The three different kinds of cones differ in their spectral sensitivity to electromagnetic radiation. This is shown in Fig. 1 for the average normal sighted human eye. If monochromatic radiation irradiates the eye, as is the case with spectral decomposition of white light, the wavelength determines which types of cones are excited. For instance, monochromatic light at 680 nm only excites one type of cones, whereas the two other types are insensitive at this wavelength. The brain interprets signals from only this type of cones as color “red”. No signal is sent from the other cones. These cones are therefore called “red cones”. Similarly, the two other types are referred to as “blue cones” and “green cones”.
Fig. 1: Relative spectral sensitivity of all four types of the human eye’s retinal light receptors.
The three types of cones are responsible for photopic vision, whereas the rods are responsible for scotopic (night) vision
As discussed above, monochromatic light of a certain wavelength might predominantly excite a single type of cones, thus producing the color perception of “blue”, “green” or “red”. Depending on the actual wavelength, monochromatic light might also excite two types of cones simultaneously, thus producing the perception of another color. For instance, red and green cones are both excited by monochromatic light at 580 nm and a signal from these two types of cones – with the simultaneous absence of a signal from blue cones – leads to the perception of the color “yellow”.
However, our visual system cannot differentiate between monochromatic and broadband radiation as long as the excitation of the three types of cones remains the same. Thus, the perception of “yellow” can also be produced by a broadband spectrum between 550 nm and 700 nm as long as green and yellow cones are similarly stimulated and the blue cones not stimulated at all. In the same way, the perception of “cyan” is produced by simultaneous stimulation of blue and green cones, whereas the perception of “magenta” (or purple) is caused by simultaneous stimulation of blue and red cones (Fig. 1). Simultaneous stimulation of all three types of cones results in the perception of “white”.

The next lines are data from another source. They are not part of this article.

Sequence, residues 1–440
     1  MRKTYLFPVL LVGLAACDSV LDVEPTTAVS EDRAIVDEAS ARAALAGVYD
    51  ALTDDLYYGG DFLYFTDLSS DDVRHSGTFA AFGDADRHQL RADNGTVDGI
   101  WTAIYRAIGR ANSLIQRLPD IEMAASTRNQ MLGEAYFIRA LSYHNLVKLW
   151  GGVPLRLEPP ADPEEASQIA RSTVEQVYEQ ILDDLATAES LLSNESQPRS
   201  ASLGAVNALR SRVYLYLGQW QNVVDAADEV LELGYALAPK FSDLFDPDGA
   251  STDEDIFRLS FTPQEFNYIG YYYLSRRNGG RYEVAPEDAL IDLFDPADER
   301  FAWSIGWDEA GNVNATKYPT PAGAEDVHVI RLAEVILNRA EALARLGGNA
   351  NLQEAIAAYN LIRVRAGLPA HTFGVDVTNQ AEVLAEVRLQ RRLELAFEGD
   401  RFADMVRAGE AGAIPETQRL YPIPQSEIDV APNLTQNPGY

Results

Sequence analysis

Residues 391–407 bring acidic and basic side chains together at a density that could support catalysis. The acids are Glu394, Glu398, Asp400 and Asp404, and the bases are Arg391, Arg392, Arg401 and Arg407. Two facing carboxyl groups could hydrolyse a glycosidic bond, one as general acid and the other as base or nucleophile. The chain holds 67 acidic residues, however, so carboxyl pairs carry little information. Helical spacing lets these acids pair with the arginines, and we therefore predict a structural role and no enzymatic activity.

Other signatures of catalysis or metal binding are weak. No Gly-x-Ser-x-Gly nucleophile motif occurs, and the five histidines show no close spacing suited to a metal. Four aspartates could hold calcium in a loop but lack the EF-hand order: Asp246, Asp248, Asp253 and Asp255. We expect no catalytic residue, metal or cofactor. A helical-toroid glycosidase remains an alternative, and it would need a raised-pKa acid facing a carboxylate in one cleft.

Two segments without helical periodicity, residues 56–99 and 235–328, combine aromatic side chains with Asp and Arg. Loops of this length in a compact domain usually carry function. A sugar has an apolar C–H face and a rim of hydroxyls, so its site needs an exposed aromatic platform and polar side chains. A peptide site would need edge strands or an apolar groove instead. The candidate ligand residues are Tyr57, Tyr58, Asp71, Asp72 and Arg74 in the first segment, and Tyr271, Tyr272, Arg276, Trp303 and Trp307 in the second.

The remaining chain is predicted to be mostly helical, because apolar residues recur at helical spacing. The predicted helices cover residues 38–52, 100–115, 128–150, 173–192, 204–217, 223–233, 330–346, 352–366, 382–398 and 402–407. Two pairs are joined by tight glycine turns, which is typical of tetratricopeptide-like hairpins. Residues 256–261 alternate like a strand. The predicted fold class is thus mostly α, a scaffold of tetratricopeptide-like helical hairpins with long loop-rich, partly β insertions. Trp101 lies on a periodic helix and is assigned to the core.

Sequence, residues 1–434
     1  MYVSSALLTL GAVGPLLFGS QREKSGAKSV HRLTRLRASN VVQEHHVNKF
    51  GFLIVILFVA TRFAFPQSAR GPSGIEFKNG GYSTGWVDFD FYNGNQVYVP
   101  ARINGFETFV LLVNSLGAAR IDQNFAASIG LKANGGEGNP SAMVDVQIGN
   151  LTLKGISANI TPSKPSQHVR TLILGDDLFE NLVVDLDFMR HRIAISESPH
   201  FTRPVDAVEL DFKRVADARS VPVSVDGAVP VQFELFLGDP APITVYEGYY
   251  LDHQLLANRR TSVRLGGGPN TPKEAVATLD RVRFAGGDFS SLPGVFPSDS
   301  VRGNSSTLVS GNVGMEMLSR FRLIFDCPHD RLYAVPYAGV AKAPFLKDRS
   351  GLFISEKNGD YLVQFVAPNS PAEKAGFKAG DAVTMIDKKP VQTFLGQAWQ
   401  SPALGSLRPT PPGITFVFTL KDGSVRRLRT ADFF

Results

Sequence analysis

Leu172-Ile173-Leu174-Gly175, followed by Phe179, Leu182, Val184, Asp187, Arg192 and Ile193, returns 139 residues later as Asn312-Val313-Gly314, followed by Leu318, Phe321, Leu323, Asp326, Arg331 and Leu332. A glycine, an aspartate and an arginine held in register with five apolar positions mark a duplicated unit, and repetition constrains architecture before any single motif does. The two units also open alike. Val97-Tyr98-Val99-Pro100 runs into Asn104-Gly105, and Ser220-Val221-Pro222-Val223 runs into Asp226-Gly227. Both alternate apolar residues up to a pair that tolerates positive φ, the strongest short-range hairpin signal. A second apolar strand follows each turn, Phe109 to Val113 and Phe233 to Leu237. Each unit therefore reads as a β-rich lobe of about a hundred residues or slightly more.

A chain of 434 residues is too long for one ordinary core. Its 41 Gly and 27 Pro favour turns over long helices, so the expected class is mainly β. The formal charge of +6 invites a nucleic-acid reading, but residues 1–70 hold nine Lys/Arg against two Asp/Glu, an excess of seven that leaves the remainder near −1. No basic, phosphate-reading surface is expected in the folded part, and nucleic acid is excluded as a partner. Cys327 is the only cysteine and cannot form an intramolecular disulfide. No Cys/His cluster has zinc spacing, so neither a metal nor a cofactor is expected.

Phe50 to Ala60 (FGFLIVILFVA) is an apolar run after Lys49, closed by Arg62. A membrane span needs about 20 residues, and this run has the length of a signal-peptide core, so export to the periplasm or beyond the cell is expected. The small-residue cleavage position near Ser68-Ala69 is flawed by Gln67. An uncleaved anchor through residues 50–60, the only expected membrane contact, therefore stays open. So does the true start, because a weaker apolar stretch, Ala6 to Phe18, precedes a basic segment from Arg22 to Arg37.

This fact has an important consequence: Consider a light source consisting of three single sources with the colors red, green and blue. If it is possible to vary the intensities of the three single sources individually, all possible colors can be produced. This is the main idea of color cathode ray tubes commonly used in TV and computer monitors - every pixel (a point on the monitor) consists of three smaller individual spots in the colors red, green and blue (Fig. 2). As these individual spots are so close together, the human eye cannot resolve them. Instead, they produce the perception of a certain color by superposition of their respective intensities. For instance, the pixel appears yellow when only the red and the green spot are emitting light, and the pixel appears white when all three spots are emitting light. The entirety of colors produced through color addition forms the RGB color space, since they are based on the three (additive) primary colors red, green and blue.
Fig. 2: The effect of color addition demonstrated with white light from an overhead projector before (top) and after (bottom) passing through a magenta filter.